Gun violence is nothing out of the ordinary to Detroit's wearied residents, as raging crime rates threaten the troubled city's long-term future.
It's been named America's most dangerous city four years running by Forbes Magazine, recording 375 homicides so far this year, compared to 344 for the whole of 2011. Assaults with guns have also risen steadily over the past few years; 532 armed crimes were logged for every 100,000 residents in 2010, according to FBI statistics. Shaken by the violence, several of the city's funeral directors were inspired to hold a hearse parade through several neighborhoods blighted by crime in January.
While much of Detroit's gun violence can be attributed to disputes between people who know each other, it's the city's children who are often caught in the crossfire, as evidenced during last winter's rash of juvenile shootings. A six-year-old boy was shot with an AK-47 during a carjacking committed by two 15-year-olds; a 12-year-old boy was hit when a traffic accident between several men turned into a shootout. Kade'jah Davis was completing her homework when she was fatally struck by bullets aimed through the front door of her home in January. Police say the shooter's motive stemmed from an argument over a cell phone. And a nine-month-old infant named Delric Miller lost his life in February, when an assailant peppered the front of the home with rounds shot from an AK-47.
Random gunfire inspires fear. But so do cold-blooded murders of the city's young people. Cops say that 18-year-old Abreeya Brown and 22-year-old Ashley Conaway of Hamtramck, a smaller city located within Detroit's borders, refused to stay silent after witnessing a shooting between several young men. The two women were then kidnapped outside their home in what the Detroit Free Press called "a hail of gunfire." Both Brown and Conaway's bodies were found in a shallow grave, each shot once in the head. Jourdan Bobbish, 17, and Jacob Kudla, 18, both of nearby Westland, disappeared after possibly buying marijuana in the city. They were both found shot to death and positioned face-down in an empty field near City Airport.
Teenagers themselves have obtained weapons to commit terrible crimes. Police say 19-year-old Brian Douglas White of Livonia shot his ex-girlfriend's mother to death and slayed the girl's new boyfriend with an axe before turning the gun on himself. 14-year-old Joshua Smith was sentenced to 25 to 50 years after allegedly using a shotgun he found in the home to kill his mother after an argument. He was charged as an adult, as was Nathanial Abraham, the 11-year-old Pontiac boy whose story received national attention after he was tried as an adult and convicted of murder in 1997. Michigan has sentenced more juveniles to life in prison than almost any other state.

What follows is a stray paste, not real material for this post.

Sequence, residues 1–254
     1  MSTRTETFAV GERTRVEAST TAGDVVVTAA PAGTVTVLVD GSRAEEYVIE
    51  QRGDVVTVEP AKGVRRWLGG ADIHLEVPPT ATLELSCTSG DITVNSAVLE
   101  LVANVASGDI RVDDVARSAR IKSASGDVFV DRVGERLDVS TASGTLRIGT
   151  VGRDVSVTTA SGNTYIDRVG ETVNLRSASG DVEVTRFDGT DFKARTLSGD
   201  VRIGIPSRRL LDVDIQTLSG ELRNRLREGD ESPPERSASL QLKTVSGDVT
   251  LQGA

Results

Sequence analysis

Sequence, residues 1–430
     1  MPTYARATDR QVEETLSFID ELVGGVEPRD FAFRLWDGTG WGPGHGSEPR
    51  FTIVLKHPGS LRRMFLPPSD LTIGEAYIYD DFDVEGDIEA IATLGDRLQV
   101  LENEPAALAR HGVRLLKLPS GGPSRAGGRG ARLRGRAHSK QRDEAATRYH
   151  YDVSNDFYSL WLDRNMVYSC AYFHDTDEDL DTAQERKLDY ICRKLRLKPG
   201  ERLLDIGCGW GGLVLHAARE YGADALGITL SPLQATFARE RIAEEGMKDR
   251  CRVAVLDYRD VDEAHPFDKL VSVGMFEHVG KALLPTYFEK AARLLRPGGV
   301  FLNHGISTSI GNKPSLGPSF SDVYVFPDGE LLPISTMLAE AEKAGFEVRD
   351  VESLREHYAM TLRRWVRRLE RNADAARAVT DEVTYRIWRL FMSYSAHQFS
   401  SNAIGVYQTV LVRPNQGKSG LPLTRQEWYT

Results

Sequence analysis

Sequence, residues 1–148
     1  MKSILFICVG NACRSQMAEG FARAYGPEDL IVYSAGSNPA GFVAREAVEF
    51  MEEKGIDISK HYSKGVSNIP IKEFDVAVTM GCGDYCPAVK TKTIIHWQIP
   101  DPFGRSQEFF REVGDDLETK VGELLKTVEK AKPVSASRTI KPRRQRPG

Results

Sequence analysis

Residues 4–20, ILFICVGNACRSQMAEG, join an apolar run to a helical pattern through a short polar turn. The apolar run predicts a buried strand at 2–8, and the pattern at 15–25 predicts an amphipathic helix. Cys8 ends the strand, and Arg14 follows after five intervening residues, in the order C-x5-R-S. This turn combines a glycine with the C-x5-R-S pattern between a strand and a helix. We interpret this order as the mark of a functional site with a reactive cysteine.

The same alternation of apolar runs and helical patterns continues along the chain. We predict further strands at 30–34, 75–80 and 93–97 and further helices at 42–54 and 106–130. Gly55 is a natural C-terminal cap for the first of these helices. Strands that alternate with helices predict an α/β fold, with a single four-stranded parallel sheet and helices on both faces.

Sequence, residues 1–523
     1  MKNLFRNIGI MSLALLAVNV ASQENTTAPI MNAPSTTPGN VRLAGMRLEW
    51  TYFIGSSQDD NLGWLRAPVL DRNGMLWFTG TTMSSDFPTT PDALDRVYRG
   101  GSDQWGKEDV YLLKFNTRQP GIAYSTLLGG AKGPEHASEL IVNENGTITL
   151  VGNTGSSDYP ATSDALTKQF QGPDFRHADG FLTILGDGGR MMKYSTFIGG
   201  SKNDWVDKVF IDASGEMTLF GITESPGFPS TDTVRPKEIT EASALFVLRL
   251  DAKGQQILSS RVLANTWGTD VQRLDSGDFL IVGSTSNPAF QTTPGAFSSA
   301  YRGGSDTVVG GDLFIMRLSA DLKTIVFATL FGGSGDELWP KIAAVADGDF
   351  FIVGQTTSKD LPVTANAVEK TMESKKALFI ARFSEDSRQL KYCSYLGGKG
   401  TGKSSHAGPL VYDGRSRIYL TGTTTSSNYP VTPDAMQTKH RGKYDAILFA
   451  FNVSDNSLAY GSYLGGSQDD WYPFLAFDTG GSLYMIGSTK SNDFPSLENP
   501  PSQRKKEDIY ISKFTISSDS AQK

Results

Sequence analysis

The staggering number of crimes involving children has made authorities and community groups pledge to stop the violence. But the city's financial struggles and looming possibility of bankruptcy mean there are a lack of resources to do so. A budget shortfall has led the city to impose a 10 percent pay cut across the Detroit Police Department and institute 12-hour shifts. When surburbanite baseball fans attended a Tigers game in the downtown neighborhood the city has worked to revitalize, they were warned by the protesting police officer's union that they were entering Detroit "at their own risk."
New programs are attempting to curb the culture of violence.
At a gun buyback held in August, people were encouraged to trade weapons for cash, no questions asked. An assault weapon could fetch $100. Mayor Dave Bing has opened about half of 13 "mini-stations" throughout the city that will focus on community policing and improving relations between officers and residents. The Motor City is also one of six urban areas across the nation participating in a youth violence prevention program that's been supported by the Obama administration.
Still, Bing has said that police can only do so much.
"You can't expect the police to be in every home, on every corner, responding to things that we as parents and adults ought to be responsible for," he said. "Let's let these young people know that we care about them, but at the same time, we aren't going to allow them to create havoc."
A controversial coalition of volunteering residents and businesses called the Detroit 300 has begun tracking down suspected killers on their own. "We don't care what gang, crew or clique you claim. When you kill babies in this city, you are our enemy," said founder Raphael Johnson.
Federal authorities are also trying to pick up some of the slack for the overburdened police department, which has been operating under federal oversight since 2003. The city's east side is now included in a pilot program to assign harsh federal penalties to repeat offenders and known criminals. U.S. Attorney Barbara McQuade told reporters her "personal resolution" was driving down the city's homicide rate this year.
But the murder toll have already outpaced that of 2011, and rebirth -- or relief -- may not come soon enough for residents leaving the city in droves. In a recent poll commissioned by the Detroit News, 40 percent of respondents said they planned to move away within the next five years. Of the 800 respondents surveyed, 49 percent said crime, not education or unemployment, was the greatest challenge they faced every day.
And if they could, the poll reported, more than half of Detroiters said they'd pick up and leave the city today.
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